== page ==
This article has been translated from our Spanish version using AI technology. There may be errors in this process.
We know: The future of the automotive industry is electric. Car manufacturers work hard to make this clear and to create vehicles that help them achieve their goals Carbon neutrality In their products and activities, they offer customers electric vehicles that meet their quality and price expectations. . Nissan The Japanese carmaker has announced the opening of a plant where one Solid-state battery The electric car that will be produced could signify a significant change for the market.
Currently most electric car batteries are used Lithium-ion And there are multiple issues that have hampered the development of the electric automotive market: they are heavy, take a long time to charge, energy concentration is very low (i.e., energy is not long lasting), they cannot be 100% charged or discharged and moreover, They are expensive. Solid-state batteries, on the other hand, offer more energy storage which translates to greater autonomy, shorter charging time, and lower cost.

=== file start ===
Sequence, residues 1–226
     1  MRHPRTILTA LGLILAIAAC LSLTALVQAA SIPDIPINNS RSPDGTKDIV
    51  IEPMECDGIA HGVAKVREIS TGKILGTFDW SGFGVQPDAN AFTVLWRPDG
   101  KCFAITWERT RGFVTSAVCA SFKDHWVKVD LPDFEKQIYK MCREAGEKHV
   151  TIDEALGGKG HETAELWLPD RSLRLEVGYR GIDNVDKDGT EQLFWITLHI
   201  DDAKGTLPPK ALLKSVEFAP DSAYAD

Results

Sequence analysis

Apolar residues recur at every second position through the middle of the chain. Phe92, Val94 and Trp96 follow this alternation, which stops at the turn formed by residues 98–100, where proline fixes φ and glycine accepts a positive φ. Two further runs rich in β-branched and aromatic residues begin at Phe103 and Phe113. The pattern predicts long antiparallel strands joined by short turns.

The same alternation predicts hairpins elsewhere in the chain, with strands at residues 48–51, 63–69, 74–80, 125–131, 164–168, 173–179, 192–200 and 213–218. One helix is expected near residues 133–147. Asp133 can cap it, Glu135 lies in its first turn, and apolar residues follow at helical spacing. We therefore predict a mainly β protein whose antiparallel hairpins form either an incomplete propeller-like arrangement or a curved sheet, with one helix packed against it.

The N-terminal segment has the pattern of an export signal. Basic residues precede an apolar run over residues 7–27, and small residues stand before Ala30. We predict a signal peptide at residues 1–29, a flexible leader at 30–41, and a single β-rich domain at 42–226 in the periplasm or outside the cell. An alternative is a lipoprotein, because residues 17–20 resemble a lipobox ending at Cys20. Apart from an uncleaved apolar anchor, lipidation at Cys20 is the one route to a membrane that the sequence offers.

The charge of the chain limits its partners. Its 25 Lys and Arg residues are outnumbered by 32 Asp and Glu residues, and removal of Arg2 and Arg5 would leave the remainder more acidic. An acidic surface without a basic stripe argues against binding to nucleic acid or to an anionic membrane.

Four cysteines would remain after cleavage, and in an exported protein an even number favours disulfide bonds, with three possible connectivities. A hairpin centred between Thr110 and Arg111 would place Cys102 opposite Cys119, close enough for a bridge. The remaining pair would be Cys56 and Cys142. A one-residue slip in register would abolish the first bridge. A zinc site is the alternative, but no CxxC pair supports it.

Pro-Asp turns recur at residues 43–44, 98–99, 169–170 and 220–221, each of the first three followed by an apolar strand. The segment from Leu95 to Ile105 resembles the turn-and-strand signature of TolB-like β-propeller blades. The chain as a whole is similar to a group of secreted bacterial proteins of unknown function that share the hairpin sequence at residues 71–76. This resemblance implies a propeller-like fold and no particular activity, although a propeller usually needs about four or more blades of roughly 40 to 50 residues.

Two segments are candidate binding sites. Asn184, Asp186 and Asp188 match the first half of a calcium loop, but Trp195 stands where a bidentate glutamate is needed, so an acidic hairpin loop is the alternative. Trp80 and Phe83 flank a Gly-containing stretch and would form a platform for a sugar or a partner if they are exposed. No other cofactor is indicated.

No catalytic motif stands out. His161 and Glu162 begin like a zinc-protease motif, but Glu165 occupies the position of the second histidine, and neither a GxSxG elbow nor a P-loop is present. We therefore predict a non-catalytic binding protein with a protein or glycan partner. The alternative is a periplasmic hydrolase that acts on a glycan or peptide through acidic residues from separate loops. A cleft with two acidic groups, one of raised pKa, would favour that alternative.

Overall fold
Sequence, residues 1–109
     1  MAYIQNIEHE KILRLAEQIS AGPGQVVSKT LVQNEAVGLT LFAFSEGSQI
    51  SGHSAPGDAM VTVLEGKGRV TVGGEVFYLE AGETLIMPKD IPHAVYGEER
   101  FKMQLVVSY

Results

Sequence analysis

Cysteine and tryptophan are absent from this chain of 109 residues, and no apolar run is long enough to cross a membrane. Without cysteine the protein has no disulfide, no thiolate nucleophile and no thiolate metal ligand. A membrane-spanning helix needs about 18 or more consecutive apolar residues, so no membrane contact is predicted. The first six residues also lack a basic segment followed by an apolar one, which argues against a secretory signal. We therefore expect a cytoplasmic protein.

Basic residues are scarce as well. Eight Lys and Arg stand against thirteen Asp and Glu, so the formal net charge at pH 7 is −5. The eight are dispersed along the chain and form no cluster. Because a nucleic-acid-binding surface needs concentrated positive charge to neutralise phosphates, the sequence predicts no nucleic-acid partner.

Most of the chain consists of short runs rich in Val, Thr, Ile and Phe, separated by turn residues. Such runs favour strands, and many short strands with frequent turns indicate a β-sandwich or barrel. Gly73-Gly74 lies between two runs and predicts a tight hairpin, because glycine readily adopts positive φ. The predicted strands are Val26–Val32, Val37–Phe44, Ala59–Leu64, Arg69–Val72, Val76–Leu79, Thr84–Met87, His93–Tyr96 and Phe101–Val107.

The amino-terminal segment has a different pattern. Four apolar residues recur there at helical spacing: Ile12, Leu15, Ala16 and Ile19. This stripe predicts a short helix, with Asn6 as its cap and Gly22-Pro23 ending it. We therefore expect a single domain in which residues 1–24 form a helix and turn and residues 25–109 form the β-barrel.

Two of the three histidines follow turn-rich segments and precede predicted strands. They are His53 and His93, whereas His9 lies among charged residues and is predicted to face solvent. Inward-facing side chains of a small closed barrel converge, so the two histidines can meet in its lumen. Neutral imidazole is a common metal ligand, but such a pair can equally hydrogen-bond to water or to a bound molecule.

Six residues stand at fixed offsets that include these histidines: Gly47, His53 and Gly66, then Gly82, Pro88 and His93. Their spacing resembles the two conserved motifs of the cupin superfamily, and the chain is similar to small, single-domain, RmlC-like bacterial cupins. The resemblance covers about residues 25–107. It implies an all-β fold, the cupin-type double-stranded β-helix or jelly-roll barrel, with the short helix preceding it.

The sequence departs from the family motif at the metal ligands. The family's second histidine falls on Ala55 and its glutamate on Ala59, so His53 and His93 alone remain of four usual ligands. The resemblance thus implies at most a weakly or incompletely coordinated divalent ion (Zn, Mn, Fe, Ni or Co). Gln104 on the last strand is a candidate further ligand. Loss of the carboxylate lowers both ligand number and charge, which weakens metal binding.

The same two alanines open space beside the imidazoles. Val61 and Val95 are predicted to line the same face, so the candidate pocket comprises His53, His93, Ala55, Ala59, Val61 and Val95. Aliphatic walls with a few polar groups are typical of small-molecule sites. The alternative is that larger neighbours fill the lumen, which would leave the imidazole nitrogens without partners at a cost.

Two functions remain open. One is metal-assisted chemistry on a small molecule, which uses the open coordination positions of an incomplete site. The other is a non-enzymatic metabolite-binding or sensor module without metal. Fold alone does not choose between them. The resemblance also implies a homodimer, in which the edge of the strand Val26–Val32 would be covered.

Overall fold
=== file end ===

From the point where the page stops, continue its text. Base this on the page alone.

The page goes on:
The problem is that so far there are only prototypes for batteries based on this technology. Nissan will open a pilot production line at the Yokohama City plant to build a prototype of the battery. According to the company, by 2028 it could launch a battery that provides a vehicle operating cost of $ 65 kWh, which would keep it on par with petrol vehicles.
Kunio Nakaguro , Vice President in charge of Research and Development, explained: “Nissan has led electrification technology through extensive research and development activities; Creating safe, high-performance electric vehicles from the study of battery components at the molecular level. Our initiative even includes the development of cities using electric vehicles as storage batteries. ”
Nissan is the maker of the LEAF, a compact car that debuted in 2010 to conquer the market; Since then, no other electric cars have been released, though Nissan Aria About hitting the market.
The organization joined Race to Zero last summer, a UN campaign aimed at reducing carbon emissions to zero by 2050.